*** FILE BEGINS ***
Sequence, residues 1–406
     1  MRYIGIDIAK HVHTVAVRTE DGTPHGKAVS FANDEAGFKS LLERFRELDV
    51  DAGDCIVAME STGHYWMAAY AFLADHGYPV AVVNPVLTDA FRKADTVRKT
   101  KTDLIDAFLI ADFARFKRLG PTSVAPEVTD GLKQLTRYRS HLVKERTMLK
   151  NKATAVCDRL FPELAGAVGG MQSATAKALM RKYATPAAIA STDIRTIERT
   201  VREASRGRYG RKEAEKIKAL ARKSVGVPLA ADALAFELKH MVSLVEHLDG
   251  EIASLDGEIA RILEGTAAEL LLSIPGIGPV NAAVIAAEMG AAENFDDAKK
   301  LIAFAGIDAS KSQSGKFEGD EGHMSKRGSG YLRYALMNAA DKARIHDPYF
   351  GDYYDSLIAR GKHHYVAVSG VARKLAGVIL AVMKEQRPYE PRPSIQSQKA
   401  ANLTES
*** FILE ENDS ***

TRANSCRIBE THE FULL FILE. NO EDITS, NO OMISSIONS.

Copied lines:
Sequence, residues 1–406
     1  MRYIGIDIAK HVHTVAVRTE DGTPHGKAVS FANDEAGFKS LLERFRELDV
    51  DAGDCIVAME STGHYWMAAY AFLADHGYPV AVVNPVLTDA FRKADTVRKT
   101  KTDLIDAFLI ADFARFKRLG PTSVAPEVTD GLKQLTRYRS HLVKERTMLK
   151  NKATAVCDRL FPELAGAVGG MQSATAKALM RKYATPAAIA STDIRTIERT
   201  VREASRGRYG RKEAEKIKAL ARKSVGVPLA ADALAFELKH MVSLVEHLDG
   251  EIASLDGEIA RILEGTAAEL LLSIPGIGPV NAAVIAAEMG AAENFDDAKK
   301  LIAFAGIDAS KSQSGKFEGD EGHMSKRGSG YLRYALMNAA DKARIHDPYF
   351  GDYYDSLIAR GKHHYVAVSG VARKLAGVIL AVMKEQRPYE PRPSIQSQKA
   401  ANLTES